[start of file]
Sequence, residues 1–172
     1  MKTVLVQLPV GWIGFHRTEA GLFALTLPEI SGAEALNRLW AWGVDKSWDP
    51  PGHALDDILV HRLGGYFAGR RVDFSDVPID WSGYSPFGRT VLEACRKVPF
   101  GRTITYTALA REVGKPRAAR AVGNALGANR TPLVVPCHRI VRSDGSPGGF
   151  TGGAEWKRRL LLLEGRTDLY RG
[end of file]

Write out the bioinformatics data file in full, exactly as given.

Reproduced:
Sequence, residues 1–172
     1  MKTVLVQLPV GWIGFHRTEA GLFALTLPEI SGAEALNRLW AWGVDKSWDP
    51  PGHALDDILV HRLGGYFAGR RVDFSDVPID WSGYSPFGRT VLEACRKVPF
   101  GRTITYTALA REVGKPRAAR AVGNALGANR TPLVVPCHRI VRSDGSPGGF
   151  TGGAEWKRRL LLLEGRTDLY RG